"Wir werden unser Leben verbessern."

Translation:We will improve our lives.

March 8, 2013

10 Comments
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https://www.duolingo.com/profile/Soglio

Shouldn't this be "unsere Leben," if it's plural?


https://www.duolingo.com/profile/Menschenkind

"unser Leben" implies a shared life, e.g. a couple who wants to improve their conjoint life. Unsere Leben would be used in any other case.


https://www.duolingo.com/profile/Soglio

Thank you. I hadn't thought of that. So it's the English translation that's off. Or, in any case, the two don't quite jibe.


https://www.duolingo.com/profile/Menschenkind

German is a bit weird about that and I can't judge the english sentence. We say: Technology improves our life – you can find that phrase very often –, since it's improving the conjoint lives of many, many people at once or life overall. But you would find "unsere Leben" there, too, since it might improve your individual, personal life if it's not relevant to just each and everyone. I found a newspaper headline that says: Unsere Leben liegen auf Eis – Here, each individual life of every affected person is on ice/hold.

To make a long story short: Both answers are fine, both in their own right.


https://www.duolingo.com/profile/Soglio

That is interesting. English handles that a little differently: I think we would sometimes use "our life" but only in relatively small circles--for a couple, a household, perhaps--at most--a small insular community. For many people, we'd say "our lives" (plural), but we might also say "our way of life" (singular, but including a wide range of abstract and concrete aspects. So either English translation ("our lives" or "our life") would be OK, depending on the speaker's intent.


https://www.duolingo.com/profile/Krysiulek

Could someone show me a reference (link to dictionary for example) where it shows that "Leben" can be also a masculine noun in German? I can only find the neuter and plural options. Thank you.


https://www.duolingo.com/profile/Andruoduo

There are no nouns which 'can be also [of] a' different gender at thd same time in German(and in French, Spanish, Swedish and so on). That is nothing arbitrary. I assume English had different noun genders many hundred years ago. Why do you ask? What madd you think that ? 'Ein Leben' in indefinite and does not show you as a beginner, but you can only say that it is a 'der' or 'das' noun. But w/o being a native, I can assure you that there is just 'das Leben' (and in plural 'die Leben') and nothing else ;-) Just my two sense.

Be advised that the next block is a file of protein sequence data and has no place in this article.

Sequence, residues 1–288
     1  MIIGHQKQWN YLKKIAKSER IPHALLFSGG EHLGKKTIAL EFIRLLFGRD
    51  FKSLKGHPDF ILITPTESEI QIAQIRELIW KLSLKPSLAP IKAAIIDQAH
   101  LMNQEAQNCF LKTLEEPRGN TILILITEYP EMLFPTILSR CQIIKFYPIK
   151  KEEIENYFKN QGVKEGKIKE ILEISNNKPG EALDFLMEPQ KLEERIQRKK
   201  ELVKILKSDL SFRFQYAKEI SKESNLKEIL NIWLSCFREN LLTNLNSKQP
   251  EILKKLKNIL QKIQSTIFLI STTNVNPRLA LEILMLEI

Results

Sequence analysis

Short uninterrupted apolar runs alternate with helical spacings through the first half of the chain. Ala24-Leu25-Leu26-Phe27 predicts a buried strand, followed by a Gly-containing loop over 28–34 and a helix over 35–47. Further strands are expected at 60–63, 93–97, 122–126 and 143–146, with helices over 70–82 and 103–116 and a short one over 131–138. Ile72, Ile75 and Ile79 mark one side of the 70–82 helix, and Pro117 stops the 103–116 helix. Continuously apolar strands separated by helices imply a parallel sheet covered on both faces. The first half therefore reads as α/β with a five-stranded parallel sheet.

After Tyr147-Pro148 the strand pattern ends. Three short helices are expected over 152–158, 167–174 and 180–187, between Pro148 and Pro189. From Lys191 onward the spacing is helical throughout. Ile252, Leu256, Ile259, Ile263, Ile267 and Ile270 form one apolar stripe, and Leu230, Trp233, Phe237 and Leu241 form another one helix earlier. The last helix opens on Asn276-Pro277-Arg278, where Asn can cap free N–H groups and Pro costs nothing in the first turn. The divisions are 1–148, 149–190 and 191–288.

https://www.duolingo.com/profile/LeoBlackma3

@Andre16065 It depends on just what you mean by nouns having only one gender. There is "der See - the lake" and "die See" the sea. Their plurals are both "die Seen". There is also Das Meer - the sea. So 'the sea' as a noun can be die or das. There are a few others that have cropped up. das Band - the tape (band); der Band - the volume/tone; and die Band - the music band Whether these are homonyms or just homographs is beyond my level.


https://www.duolingo.com/profile/GaelicGirl2

But two words written the same but with a different meaning are simply two different nouns. The gender is fixed and cannot flipflop between different genders.


https://www.duolingo.com/profile/GaelicGirl2

We will better our lives would be correct too wouldn't in. As in we used to do bad stuff and get in trouble with the law.

Or would that be something like bessern. . (Does that exist?) Hmm suddenly my initial thought sounds incorrect

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